Teide National Park

Far from the well-known peaks and beaches of mainland Spain, the island of Tenerife is actually home to one of the most unlikely plethora of superlatives to be found within the county’s political borders: The Teide National Park. This sprawling area of nearly 200 square kilometres is not only Spain’s largest national park, but is also one of its oldest (inaugurated way back in 1954).

The Volcanoes' Peaks

Rising like a great monster at its centre, the dominating and formidable volcanic peak of Mount Teide is the park’s namesake and undeniably its most defining feature. It’s also the highest summit in all of Spain, and the third largest volcano on the planet, from sea-level to crater tip; a truly magnificent sight that’s long commanded the skyline of Tenerife Island as a whole.

But it doesn’t stop there. The Teide National Park is also home to the colossal crater of Pico Viejo, the second highest volcano in the Canary Island archipelago that’s dwarfed only by Mount Teide itself. Together, these two giants soar more than 7,000 metres above the Atlantic Ocean floor, forming one of the most enduring and awesome postcard images of Tenerife and one of the Island’s truly ‘must see’ natural wonders. 

Historic Heritage 

With such dramatic landscapes and superlative mountain terrain to boot, it’s perhaps no wonder that the Teide National Park has long been a hub of heritage and human activity on Tenerife. Today, a myriad of archaeological sites and die hard cultural traditions stand as testimony to its historical richness, and it is one of the few places on earth where visitors can unravel the enthralling and mysterious histories of the Canary Island’s earliest inhabitants, the Berber Guanches (a peoples who lived here around 1000BC).

Top Things To Do in Teide Park

Today the park attracts an estimated 4 million visitors a year, from both Spain and abroad. The highway that runs through the park’s centre offers easy access by car or coach, making driving tours a popular option for those who don’t want to brave the scorching heat and arid conditions. For the more intrepid traveller however, Teide has no less than 51 marked hiking tracks that meander their way through the curious geological formations and surreal volcanic protrusions that first gave this region its reputation for rugged natural beauty, and it’s also possible to spend several days walking the mountains, if planned properly.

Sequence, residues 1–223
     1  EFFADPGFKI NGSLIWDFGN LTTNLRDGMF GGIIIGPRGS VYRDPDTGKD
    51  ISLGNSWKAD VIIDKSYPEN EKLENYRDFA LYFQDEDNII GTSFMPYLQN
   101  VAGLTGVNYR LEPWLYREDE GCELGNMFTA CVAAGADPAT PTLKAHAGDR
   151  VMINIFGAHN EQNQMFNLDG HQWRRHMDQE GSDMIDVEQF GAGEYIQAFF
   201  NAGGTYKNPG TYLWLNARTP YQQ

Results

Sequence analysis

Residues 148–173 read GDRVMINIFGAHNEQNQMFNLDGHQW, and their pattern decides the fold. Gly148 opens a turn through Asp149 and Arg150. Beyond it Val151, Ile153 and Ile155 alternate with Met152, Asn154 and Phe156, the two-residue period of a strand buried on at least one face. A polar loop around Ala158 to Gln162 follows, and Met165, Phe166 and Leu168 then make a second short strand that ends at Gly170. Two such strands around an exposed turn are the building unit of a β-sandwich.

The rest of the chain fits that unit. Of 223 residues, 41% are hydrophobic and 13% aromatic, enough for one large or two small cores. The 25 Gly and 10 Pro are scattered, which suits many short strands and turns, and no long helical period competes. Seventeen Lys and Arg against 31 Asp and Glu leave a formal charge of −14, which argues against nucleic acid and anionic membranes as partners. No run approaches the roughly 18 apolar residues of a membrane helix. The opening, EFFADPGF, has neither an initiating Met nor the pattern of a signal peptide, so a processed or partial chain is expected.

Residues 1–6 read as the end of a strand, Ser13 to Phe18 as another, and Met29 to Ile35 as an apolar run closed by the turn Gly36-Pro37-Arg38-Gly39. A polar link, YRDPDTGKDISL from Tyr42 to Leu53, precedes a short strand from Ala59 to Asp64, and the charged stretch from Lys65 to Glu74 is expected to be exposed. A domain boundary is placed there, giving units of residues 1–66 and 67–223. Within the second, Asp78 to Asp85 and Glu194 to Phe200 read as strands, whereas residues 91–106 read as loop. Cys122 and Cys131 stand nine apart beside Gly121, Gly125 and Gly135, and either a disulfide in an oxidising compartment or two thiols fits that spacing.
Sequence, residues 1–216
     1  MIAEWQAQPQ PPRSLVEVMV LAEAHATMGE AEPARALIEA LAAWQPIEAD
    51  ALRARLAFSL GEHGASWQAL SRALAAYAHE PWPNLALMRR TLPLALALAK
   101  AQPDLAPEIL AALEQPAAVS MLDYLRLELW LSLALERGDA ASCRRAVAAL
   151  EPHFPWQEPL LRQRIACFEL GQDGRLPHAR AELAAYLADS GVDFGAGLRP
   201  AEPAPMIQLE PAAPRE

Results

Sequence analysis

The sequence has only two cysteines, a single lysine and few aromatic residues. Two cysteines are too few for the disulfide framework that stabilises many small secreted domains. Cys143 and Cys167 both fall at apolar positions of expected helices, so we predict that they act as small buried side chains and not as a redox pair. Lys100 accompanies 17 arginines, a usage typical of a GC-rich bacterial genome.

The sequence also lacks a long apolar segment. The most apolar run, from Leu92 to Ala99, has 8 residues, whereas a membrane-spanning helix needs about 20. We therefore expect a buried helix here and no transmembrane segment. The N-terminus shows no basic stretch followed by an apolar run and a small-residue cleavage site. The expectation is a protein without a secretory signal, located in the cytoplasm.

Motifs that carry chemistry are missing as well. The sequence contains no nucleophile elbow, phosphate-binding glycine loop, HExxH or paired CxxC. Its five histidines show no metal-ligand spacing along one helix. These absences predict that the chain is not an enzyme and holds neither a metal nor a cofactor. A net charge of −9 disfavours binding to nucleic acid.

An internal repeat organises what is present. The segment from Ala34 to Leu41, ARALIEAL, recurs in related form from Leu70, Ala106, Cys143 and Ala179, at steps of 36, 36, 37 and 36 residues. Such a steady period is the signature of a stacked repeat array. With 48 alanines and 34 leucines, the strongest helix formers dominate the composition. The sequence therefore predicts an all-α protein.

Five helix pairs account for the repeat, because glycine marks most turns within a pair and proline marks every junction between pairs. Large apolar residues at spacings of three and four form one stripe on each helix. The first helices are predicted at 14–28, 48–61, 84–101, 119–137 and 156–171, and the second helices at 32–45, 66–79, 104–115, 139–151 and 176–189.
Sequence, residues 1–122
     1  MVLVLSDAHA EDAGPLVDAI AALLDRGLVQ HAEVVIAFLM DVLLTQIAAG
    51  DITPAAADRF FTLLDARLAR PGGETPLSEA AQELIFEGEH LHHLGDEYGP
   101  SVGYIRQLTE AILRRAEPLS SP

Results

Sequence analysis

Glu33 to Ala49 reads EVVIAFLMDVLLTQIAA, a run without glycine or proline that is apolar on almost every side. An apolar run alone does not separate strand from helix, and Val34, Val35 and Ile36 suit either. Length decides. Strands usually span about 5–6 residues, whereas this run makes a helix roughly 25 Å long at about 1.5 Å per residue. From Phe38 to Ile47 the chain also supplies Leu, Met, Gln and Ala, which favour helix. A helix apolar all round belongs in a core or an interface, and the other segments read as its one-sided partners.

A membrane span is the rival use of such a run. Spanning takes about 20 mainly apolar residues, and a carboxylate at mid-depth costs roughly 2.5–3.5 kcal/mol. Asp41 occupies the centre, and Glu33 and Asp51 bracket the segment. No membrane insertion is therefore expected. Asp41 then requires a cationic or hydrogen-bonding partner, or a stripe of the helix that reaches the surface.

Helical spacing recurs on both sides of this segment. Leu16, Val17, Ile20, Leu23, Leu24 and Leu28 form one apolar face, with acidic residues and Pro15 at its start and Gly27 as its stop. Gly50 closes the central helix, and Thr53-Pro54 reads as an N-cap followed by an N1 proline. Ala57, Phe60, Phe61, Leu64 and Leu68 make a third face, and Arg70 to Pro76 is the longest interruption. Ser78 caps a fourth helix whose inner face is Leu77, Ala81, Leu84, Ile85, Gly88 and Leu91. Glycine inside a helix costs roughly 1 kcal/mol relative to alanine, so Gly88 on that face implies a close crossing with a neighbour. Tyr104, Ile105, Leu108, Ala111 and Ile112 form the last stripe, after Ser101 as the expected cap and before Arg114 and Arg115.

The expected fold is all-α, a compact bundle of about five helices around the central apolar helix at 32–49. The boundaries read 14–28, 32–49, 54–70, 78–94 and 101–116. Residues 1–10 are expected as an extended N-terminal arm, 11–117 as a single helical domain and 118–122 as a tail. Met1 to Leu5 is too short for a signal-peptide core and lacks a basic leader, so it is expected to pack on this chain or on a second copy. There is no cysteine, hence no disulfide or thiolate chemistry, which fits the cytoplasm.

If you are planning an extended hiking holiday in the Teide National Park, consider staying overnight in the Teide Altavista refuge, a well-equipped mountain hostel-come-cabin that’s been under government management since 1950. Stays are limited to a maximum of one night, and the refuge gets busy with walkers during the high season, but at an altitude of over 3000 metres on the slopes at the park’s centre, there’s plenty of scope to explore the higher plateaus and peaks from this base. 

Some hiking in the park is regulated by government permits which prevent high numbers of walkers from transversing the routes up to some of the summits or through designated conservation sections. One such walk is the trek up to the peak of Montana Blanca, the mid-way point of which can be reached by the La Rambleta cable car when it’s in operation. For the latest information int his regard tourists should head to one of the two visitors’ centres, where guided tours and walking permits can be acquired. 

Natural Marvels

One of the major touristic pulls of the park is its geological richness, which reportedly exhibits up to 80% of all the world’s volcanic rock formations. Consequently the park is a kaleidoscope of curious forms and monoliths, from the twisting pahoehoe that can be spied on the Roques de Garcia route up Mount Teide, to the colossal calderas and shrub-covered surrealism of the Island’s volcanic badlands. Also due to its wealth of geological interest the Teide National Park has become a centre of global research, and one of the most-coveted of world destinations for budding volcanologists looking to explore the curiosities of their field.

After hundreds of thousands of years of volcanic activity, the soils and climactic conditions here have developed to form an environment for plant and animal life that’s another of the park’s truly unique characteristics. A whopping 33 species of plant found here are endemic to Tenerife Island, while an overall array of just less than 200 individual species can be spied clutching to the volcanic ground and springing up from the crevices. It’s also possible to spot the Canary Island Lizard and Gecko here, both of which exhibit the curious adaptations necessary to survive in this rough, dry and rocky corner of the Spanish state. 

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